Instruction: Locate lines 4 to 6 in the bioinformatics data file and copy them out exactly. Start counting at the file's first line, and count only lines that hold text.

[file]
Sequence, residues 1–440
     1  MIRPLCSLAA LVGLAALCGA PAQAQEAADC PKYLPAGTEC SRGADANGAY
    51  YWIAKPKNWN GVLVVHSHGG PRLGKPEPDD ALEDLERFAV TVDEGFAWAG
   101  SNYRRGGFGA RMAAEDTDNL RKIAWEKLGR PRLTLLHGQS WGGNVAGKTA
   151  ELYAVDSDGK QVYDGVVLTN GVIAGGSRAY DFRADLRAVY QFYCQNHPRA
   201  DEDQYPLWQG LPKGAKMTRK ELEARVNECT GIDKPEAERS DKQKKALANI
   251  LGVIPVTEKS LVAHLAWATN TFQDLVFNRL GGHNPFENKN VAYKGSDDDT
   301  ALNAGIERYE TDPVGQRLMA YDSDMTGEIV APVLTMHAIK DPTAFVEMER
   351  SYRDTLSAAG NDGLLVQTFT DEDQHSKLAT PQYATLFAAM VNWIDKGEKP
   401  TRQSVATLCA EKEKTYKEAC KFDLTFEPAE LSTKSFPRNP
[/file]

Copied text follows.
   101  SNYRRGGFGA RMAAEDTDNL RKIAWEKLGR PRLTLLHGQS WGGNVAGKTA
   151  ELYAVDSDGK QVYDGVVLTN GVIAGGSRAY DFRADLRAVY QFYCQNHPRA
   201  DEDQYPLWQG LPKGAKMTRK ELEARVNECT GIDKPEAERS DKQKKALANI